The Golden Mountains music reminds me of that for The Bedbug in its loopiness and instrumental novelty. This two-disc Rozhdestvensky reissue continues to be both pleasantly surprising and weird. (Derek Hulme lists Rozhdestvensky’s recording of the suite as complete, although it seems either to be missing an Intermezzo or to have rolled it up into another track.) One particular oddity / pleasure is the audio engineering of these Melodiya studio recordings of the late 1970s and early ’80s — their sound palette has the same, slightly unnatural quality of old color film stock, a little bit washed out in places and preternaturally intense in others, particularly in some cases of overly prominent percussion instruments. It’s all good fun; I think I enjoy this suite more for chipping at the edges of my expectations of what Shostakovich’s music sounds like than for anything directly in the music itself.
Before moving on from the opera, here’s an overview (from memory, so without much corroborating detail) of some versions of Lady Macbeth of Mtsensk available on DVD. These were pretty scarce for a while but happily proliferated after Shostakovich’s centennial year in 2006. The audio-only EMI album I wrote about last week is the essential recording of the work, at least long term, but it’s easier to get a good sense of the work through a filmed production.
The most preferable filmed version of the opera that I have seen is the 2006 Concertgebouw Orchestra release, with Mariss Jansons leading a powerful account of the orchestral score. The principals perform their roles ably and the videography is handsome and lively enough, although, as with all stage productions, static by film standards. The stage design and costumes didn’t make an impression on me, other than being hard-edged in a contemporary Continental-European style.
The Gran Teatre del Liceu production is similarly well-performed, with a notable bit of (operatically speaking) celebrity casting, in that Evgeny Nesterenko, part of Shostakovich’s circle of trusted performers late in the composer’s life, plays the part the old convict. This version suffers, however, from the misguided and momentum-killing interpolation of some funeral music from Shostakovich’s sixth symphony within Act 3. The shabby peasant performs a pantomime to it following his trip to the police station, ostensibly demonstrating some remorse, but this move muddies rather than enrichens the original satirical intent of the character and, even less fortunately, resembles nothing so much as the goofy, one-man interpretive dance put on by The Dude’s landlord in The Big Lebowski. Still and all, the disc’s not a bad choice.
Peter Weigl’s 1992 film version of the opera features Czech actors lip-syncing to the EMI recording, which I find jarring — you have Galina Vishnevskaya’s mature, fiery soprano voice issuing from the buxom young Markéta Hrubesová, who seems to possess a merely phonetic understanding of the words. Weigl preserves the opera’s original nineteenth-century setting, which is a plus, but he strips out the orchestral interludes and satirical third-act setpieces; what remains is an R-rated reenactment of the story’s most lurid elements in which the heroine, to borrow some phrasing from Peter Cook, every day gets more violent, and every day gets more nude. But the biggest mark against the film is that it’s so stagey — Weigl’s use of so many long, medium-distance shots makes for a dull and flabby film, all the more disappointing since Shostakovich’s quick jumps in musical style seem ready-made for the editing room.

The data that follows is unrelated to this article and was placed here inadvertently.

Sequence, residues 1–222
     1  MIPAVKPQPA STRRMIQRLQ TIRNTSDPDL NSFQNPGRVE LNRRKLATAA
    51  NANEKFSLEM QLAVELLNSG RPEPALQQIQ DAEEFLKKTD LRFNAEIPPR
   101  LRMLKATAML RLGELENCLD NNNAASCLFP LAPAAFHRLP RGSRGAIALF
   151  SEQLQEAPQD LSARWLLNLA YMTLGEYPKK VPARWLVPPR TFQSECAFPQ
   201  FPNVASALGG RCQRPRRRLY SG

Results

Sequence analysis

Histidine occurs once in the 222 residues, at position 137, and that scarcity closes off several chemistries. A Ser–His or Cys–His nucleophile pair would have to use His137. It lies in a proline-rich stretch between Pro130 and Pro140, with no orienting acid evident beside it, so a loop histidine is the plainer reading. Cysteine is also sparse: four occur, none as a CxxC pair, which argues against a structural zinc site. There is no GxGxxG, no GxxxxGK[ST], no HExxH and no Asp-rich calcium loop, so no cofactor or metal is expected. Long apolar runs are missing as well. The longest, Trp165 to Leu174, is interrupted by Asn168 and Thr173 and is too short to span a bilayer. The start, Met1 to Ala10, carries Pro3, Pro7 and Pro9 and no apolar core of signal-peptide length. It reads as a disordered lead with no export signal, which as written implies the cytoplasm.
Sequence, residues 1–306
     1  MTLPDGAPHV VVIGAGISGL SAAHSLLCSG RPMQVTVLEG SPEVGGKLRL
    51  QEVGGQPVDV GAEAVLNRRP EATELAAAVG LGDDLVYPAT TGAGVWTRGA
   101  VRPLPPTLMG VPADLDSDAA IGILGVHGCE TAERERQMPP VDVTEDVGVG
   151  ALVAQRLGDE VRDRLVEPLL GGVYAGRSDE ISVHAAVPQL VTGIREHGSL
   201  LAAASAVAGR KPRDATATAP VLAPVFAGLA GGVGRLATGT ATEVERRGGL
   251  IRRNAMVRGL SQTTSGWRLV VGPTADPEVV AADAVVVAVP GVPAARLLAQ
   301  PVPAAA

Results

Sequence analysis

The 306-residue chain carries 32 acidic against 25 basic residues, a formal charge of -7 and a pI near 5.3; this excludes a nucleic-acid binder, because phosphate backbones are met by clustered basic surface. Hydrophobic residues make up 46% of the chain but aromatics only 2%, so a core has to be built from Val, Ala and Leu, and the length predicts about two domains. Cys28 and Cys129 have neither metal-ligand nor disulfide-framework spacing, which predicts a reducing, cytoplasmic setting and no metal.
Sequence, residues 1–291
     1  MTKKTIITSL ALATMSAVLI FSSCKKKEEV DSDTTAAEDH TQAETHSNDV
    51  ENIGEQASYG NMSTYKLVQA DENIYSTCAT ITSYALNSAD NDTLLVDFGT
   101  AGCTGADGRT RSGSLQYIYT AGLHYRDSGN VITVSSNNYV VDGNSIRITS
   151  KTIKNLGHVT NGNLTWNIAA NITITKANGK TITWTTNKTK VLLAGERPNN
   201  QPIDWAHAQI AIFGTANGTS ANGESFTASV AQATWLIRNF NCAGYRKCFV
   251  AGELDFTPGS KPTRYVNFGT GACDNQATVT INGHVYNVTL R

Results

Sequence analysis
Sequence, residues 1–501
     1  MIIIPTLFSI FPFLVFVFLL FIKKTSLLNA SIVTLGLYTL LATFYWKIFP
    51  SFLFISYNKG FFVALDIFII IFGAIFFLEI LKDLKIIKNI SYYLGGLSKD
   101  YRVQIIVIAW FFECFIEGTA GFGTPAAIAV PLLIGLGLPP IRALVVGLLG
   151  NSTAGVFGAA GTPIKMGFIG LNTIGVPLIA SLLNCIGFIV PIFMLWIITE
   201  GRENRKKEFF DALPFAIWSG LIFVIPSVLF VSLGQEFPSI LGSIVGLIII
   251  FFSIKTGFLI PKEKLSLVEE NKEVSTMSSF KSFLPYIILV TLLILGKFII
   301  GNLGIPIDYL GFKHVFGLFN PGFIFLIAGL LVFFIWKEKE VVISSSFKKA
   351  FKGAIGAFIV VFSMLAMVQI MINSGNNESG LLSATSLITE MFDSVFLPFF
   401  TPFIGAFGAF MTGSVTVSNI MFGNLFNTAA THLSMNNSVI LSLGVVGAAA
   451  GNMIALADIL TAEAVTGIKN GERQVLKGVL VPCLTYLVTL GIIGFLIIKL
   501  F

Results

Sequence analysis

I’ll use the 1966 film version of Katerina Ismailova as my main reference point when I get to his revised version of the opera from the 1960s. But, in brief, despite some cuts of the orchestra-only music and, much more noticeably, its heavily bowdlerized libretto and score, the Soviet movie is well worth seeing for Vishnevskaya’s performance, in which she both sings on the soundtrack and acts opposite a number of lip-syncing actors, more than holding her own in screen presence. Shapiro’s direction makes some efforts to bring film effects into the production — for instance, in Boris’ Act 2 reverie his youthful, merrymaking self is superimposed next to him onscreen — but there’s nothing too interesting there by purely cinematic standards.
Andrzej Wajda’s 1962 Siberian Lady Macbeth is worth half a mention, too, as a Polish adaptation of the original Nikolai Leskov story. The soundtrack does borrow some of Shostakovich’s musical material, most notably the doomy music that opens Act 2, but in a musty and colorless arrangement. The differences in plot are worth noting — Wajda preserves the supernatural elements, Katerina’s desire for a child, and her murder of her nephew — but for those I’d recommend reading Leskov’s novella itself.
Lady Macbeth of the Mtsensk District, op. 29 (1930-1932), Act 4
CD: “Shostakovich: Lady Macbeth of Mtsensk”, Galina Vishnevskaya, Nicolai Gedda, Dimiter Petkov; Ambrosian Opera Chorus, London Philharmonic Orchestra, Mstislav Rostropovich (EMI 7 49955 2; more recently reissued)
In the wood, right in a grove, there is a lake,
Almost round, and very deep.
And the water in it is black,
Black like my conscience.
And when the wind blows in the wood,
On the lake waves rise up,
Huge waves, and then it’s frightening.
In autumn there are always waves on the lake,
And the water’s black and the waves huge.
Huge, black waves.
(Translations, again from the EMI album’s notes, are by Joan Pemberton Smith. The musical excerpt covers the first four lines of the text above.)